• 3. The indices of the selected codewords are encoded 52, 54 and fed back 56, 58 to the transmitter 36 on a feedback channel 50.
    • 4. The transmitter includes an indexer and optimizer 66 which uses all decoded 60, 62 indices 64 from all receivers in the system to choose 68, 70 the preselected linear modulation and power allocation matrices B and S, respectively. The choice is based on a predefined set of rules (maximum fairness, throughput etc.).
    • 5. The input signal 72 is modulated using the modulation 74 and power allocation 76 matrices, transmitted to the receiver over the feedforward channel 34, using antennas 32, and the transmitted modulated signal is processed 78 by the receiver.

The feedback channel 50 shown in FIG. 2 will inevitably suffer from the transmission errors and the indices of the channel vectors reported by the receivers will be erroneously decoded at the transmitter. Even if the feedback information is protected by channel codes, in a multiple user scenario, it is possible that the interference will cause the indices to be detected with errors, which will lower the system's throughput.

For example, in FIG. 1, during the first part of the actual vector trajectory 24, the centroid index number 3 represented by bits 011 would be reported to the transmitter. However, if for some reason, the second index bit would be recovered with an error, the centroid index number 1 (represented by bits 001) would instead be received by the transmitter, which would cause it to choose improper modulation matrices B and S (see previous section).

The basic transmission of the feedback indices 23 may comprise the following steps:

    • 1. Selection of the indices 23 representing the centroids 22 closest to the actual channel vectors.
    • 2. (Optional) Adding error detection check bits to the binary representation of the centroid indices.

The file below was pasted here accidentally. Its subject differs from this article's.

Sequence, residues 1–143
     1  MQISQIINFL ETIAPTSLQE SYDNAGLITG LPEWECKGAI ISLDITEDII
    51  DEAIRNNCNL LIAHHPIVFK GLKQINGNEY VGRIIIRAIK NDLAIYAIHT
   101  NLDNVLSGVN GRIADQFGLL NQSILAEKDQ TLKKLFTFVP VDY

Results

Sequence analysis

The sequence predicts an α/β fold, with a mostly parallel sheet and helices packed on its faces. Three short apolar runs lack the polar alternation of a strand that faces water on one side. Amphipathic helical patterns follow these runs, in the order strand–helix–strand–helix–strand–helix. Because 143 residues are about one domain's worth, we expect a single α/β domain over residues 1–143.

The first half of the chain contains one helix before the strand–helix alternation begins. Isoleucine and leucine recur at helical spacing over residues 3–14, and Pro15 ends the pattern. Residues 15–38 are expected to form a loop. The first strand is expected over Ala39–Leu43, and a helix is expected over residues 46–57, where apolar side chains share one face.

• 3. (Optional) Adding channel error correction check bits.
    • 4. Transmission of all the bits.
    • 5. (Conditioned on 3) Performing channel decoding of the received bits.
    • 6. (Conditioned on 2) Performing error detection of the received bits.
    • 7. Reporting the received channel vector indices to the optimizer/indexer in FIG. 2.
    • 8. (Optional) Reporting which indices contain errors to the optimizer/indexer in FIG. 2. This step can use results from 6 or any alternative method as outlined later on.

Based on the above eight steps, the indexer will now be able to make decision on the choice of modulation matrices for the next transmission epoch. Three exemplary approaches to the problem are:

    • 1. If error detection codes or any alternative error detection method is used and the base station optimizer is aware of erroneous receiver indices, it may discard them and only use the correct ones in the optimization phase.
    • 2. If error detection codes or any alternative error detection method is used and the base station optimizer is aware of erroneous receiver indices, it may attempt to recover them and use all received indices (correct and recovered) in the optimization phase.
    • 3. If error detection is not used at all, the optimizer assumes that the received indices are very close to the actual transmitted indices and use them as if they were all correct.

A basic difference between methods 1, 2 and 3 lies in whether the error detection methods are used to detect problems in channel information indices fed back to the base station. If such methods are used, the transmitter may recognize which indices are incorrect and can take appropriate actions. If no error detection may be performed and the received indices are used ‘as-is’, the vector quantizer indexing must be properly designed as shown in FIG. 3 a.

The mapping of the indices to the centroids in a quantizer is a complex task that can influence the system's performance tremendously when errors in the feedback link are not negligible. FIGS. 3 a and 3 b shows the situation, where the identical vector quantizer has a different mapping of indices 23 and the results of one bit error in the transmission of the centroid indices.